Content/ Web Content: Text, images, audio, videos and animations that are part of the user experience on websites.
Delicious: Formerly del.icio.us is a social bookmarking web service for storing, sharing, and discovering web bookmarks.
Early Adopter: People who tend to be the first to use a new gadget or technology.
Facebook: perhaps THE social networking site, with more than 900 million active users and groups. Users must register a profile before using the site, after which they can add other users as “friends,” post messages and set up notifications (such as a status update). Facebook can also be used as websites and blogs, since many users and outlets have “walls” (pages) that do not require a login to view. The term Facebook stems from the book given to students at the start of the academic year by some universities to help students get to know one another.
Forum (Internet forum, or message board): A site where people can hold discussions in the form of posted messages. A posted message might need to be approved by a site moderator or administrator before it becomes visible. Forums have a specific set of jargon associated with them; for example, a topic or set of posts under a single conversation is called a "thread" and "OP" stands for original poster (e.g. the person who begins the topic thread). Forums stem from the Bulletin Board Services of the very early 1990s.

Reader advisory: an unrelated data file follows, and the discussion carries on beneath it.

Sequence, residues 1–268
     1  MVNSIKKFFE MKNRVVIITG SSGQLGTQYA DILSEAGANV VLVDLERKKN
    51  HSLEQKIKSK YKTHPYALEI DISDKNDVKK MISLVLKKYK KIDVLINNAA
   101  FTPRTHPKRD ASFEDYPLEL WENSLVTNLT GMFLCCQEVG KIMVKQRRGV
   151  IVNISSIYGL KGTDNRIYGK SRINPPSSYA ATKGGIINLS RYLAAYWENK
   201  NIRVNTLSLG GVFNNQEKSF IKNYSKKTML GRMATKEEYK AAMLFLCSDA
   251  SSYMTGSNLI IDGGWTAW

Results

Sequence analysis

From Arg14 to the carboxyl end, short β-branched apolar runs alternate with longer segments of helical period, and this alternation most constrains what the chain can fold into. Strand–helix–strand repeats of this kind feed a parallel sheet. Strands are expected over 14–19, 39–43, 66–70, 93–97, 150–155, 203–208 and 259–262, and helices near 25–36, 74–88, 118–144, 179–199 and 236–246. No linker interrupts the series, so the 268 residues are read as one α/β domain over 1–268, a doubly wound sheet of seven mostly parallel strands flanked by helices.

foursquare: A location-based site for mobile devices. Users "check in" at venues by selecting from a list of nearby locations. These locations use the GPS hardware in the mobile device and/or contained in the application. Each check-in awards the user incentives like points, coupons and sometimes digital “stickers” or "badges".
Google+: Google’s social networking and identity service with an emphasis on organizing friendship information identified as" Circles", "Hangouts" and "Sparks". Like with each Goggle product, Google+ integrates its other Google services within it.
Instagram: A photo sharing app that allows users to take a square shaped photo, apply digital filters to it, and then share it on a variety of social networking services, including Instagram itself.
LinkedIn: A social website mainly used for professional networking. LinkedIn allows registered users to maintain a list of contacts with whom they have some level of a relationship, called Connections. Users can invite anyone (whether a site user or not) to become a Connection.